In the end, if you want to believe in a God who is first of all omnipotent, ie limitless in his power, you can find that kind of God in the bible. It’s a bit like needing a dominating form of government, and world order in which you are free, until you challenge the Sovereign. When this happens, the nice, good, caring government has unclear about copyright on google imagesbehind it the immense threat of the nuclear bomb, which I suppose you could liken to hell. Our view of leadership, our view of how government should behave, our view of the role of the state is actually pretty messed up, and I am arguing that it is messed up because it was shaped by a very warped view of God, who mostly cares for us, but has the great threat of eternal punishment for those who don’t believe quite correctly. That is not to say that all will be part of a heavenly future, but I would say that those who pursue the way of love are actually following the way of Jesus far more than those who follow the way of their version of the truth. The truth will set us free, but the truth is: (as Belinda Carlisle – that great theologan told us) in heaven, love comes first!! So when people pray the Lord’s prayer – ‘thy kingdom come, thy will be done on earth as it is in heaven’ – this looks very little like our current practices of government or nation states and the ways they behave in the earth.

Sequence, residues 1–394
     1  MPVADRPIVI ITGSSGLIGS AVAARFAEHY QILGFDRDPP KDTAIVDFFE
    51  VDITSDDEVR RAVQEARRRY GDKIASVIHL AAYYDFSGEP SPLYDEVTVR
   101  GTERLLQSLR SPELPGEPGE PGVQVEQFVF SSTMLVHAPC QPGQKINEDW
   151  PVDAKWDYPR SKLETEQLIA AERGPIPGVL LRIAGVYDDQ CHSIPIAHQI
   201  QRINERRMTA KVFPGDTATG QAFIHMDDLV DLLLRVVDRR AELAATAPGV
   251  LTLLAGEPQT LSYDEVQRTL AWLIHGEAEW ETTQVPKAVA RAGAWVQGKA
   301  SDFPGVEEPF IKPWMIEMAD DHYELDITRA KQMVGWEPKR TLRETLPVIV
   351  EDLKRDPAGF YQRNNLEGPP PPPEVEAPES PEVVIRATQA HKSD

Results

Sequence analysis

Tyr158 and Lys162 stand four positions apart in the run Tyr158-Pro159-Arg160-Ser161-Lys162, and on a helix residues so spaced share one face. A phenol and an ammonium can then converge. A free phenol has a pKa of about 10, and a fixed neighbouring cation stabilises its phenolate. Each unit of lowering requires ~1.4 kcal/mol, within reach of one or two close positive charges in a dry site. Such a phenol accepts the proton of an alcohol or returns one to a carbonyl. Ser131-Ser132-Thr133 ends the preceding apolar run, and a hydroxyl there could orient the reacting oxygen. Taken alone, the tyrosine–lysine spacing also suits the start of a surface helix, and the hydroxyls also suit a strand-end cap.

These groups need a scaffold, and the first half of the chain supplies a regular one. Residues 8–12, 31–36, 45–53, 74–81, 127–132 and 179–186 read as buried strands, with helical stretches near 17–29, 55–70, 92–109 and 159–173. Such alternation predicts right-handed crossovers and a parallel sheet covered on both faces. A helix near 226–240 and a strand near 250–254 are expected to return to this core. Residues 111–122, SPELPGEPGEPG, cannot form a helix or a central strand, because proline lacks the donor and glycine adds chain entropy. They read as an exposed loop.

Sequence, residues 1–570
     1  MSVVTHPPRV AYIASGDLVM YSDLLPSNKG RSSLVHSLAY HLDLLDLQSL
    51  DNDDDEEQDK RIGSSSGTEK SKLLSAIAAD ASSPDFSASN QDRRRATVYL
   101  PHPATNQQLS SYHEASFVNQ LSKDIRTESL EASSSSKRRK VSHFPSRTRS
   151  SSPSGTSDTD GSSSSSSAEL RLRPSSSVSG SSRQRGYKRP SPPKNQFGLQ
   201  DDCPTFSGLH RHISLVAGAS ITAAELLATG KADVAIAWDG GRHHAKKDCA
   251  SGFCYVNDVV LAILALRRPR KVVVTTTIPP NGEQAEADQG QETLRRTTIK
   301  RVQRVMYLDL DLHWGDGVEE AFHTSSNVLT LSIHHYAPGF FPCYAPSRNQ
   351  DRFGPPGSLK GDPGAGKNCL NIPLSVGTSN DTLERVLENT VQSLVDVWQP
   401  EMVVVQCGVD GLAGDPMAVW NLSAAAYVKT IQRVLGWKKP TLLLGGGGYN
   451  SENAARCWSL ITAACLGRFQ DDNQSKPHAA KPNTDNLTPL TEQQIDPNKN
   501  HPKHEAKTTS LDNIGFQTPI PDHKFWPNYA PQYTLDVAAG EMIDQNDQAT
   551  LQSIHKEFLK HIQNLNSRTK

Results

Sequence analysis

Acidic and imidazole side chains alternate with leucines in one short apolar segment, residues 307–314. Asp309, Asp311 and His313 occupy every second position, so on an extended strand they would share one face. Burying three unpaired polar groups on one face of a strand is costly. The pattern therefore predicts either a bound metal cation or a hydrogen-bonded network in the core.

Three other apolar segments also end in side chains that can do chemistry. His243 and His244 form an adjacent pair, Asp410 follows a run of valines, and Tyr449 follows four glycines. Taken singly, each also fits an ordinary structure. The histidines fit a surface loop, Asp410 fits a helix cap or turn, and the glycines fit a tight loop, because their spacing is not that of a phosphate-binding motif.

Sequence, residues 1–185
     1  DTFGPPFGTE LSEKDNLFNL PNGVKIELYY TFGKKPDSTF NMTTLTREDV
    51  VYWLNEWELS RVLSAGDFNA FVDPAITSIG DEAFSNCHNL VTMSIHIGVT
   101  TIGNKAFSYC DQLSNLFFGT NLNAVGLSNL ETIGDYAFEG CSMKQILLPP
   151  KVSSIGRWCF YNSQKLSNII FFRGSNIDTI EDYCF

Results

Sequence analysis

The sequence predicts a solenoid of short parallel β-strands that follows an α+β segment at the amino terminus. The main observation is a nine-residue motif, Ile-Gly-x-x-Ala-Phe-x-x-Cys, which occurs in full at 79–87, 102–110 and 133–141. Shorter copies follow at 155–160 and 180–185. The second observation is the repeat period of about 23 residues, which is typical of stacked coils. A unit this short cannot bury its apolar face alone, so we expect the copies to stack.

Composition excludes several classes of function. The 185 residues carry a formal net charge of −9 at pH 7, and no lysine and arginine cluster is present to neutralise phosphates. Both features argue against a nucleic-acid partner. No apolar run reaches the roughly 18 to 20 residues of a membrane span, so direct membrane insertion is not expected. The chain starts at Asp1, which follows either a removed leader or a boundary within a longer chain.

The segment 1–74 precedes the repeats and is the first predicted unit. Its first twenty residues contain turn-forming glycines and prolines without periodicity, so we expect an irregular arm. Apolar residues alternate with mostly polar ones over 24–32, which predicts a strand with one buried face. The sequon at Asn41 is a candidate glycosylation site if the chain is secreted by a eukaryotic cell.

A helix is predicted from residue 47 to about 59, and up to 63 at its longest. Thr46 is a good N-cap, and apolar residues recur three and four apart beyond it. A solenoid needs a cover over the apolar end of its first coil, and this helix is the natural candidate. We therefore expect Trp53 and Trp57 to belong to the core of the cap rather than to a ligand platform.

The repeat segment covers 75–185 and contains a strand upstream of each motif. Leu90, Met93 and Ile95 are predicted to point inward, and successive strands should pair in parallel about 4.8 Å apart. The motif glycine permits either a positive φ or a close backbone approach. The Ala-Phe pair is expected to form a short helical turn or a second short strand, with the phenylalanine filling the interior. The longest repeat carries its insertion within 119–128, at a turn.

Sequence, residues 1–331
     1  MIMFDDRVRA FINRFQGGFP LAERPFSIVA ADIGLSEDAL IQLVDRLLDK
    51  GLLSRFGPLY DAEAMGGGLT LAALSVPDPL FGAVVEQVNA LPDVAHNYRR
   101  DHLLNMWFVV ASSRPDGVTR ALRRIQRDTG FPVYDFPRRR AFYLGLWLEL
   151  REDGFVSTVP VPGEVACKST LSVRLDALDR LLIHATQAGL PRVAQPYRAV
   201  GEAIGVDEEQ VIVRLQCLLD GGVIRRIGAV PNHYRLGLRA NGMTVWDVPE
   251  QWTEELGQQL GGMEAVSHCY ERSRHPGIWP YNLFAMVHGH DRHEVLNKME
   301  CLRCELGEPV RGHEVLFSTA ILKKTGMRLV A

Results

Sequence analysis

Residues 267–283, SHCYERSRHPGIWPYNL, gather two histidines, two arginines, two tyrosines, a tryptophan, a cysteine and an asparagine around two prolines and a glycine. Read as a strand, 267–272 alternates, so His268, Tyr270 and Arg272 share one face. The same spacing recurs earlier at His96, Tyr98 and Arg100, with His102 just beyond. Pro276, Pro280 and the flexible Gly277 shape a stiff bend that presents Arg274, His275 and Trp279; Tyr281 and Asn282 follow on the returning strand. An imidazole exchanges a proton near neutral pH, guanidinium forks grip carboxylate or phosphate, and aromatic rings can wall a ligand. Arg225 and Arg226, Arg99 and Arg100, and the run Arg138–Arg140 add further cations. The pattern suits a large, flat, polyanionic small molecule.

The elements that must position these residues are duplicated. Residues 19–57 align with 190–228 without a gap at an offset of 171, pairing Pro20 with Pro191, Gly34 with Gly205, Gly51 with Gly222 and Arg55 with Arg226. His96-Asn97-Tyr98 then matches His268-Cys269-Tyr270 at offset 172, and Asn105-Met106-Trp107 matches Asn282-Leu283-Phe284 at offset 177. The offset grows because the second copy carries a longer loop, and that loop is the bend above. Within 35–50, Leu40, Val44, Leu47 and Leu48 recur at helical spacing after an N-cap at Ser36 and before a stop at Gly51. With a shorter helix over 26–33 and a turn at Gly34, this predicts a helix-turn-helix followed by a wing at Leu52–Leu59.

But if self-giving,  others-empowering love is the ESSENTIAL nature of God, then this must images-1change the way we understand everything. The glory of God is not found in might, power, dominion and sovereignty. No, it is found in his cruciform nature. And if the earth can be filled with the glory of God rather than the ‘glory of empire’, where love is the antidote to fear, joy the antedote to debt, goodness the antedote to control through law and peace the antedote to violence, then together we might begin to taste a little bit of heaven.

How might we live and organise ourselves differently? How might we live politically? How might we shape economics? How might we heal and educate? How might we care for each other and the environment? How might nations relate to one another if love and not autonomous power comes first? There is a revolution much more profound than the violent overthrows of the past. It is the revolution of love.

3 Words of a New Politics

We had a conversation as part of the Love Politics Initiative recently hosted in Silverdale, in which we looked at just how broken language is. So, even in writing this post, I will fall short of what I hope to communicate and recognise that what I write may be misunderstood, misconstrued or misinterpreted.

 

I left the weekend with three words resonating for me: recognition, rearticulation, reconnection. For me, these three words express what it means for us to recover the public space as a place of real discourse for politics/theology/philosophy/psychology/sociology all of which I believe belong in public and to the masses, not just the few.

 
Recognition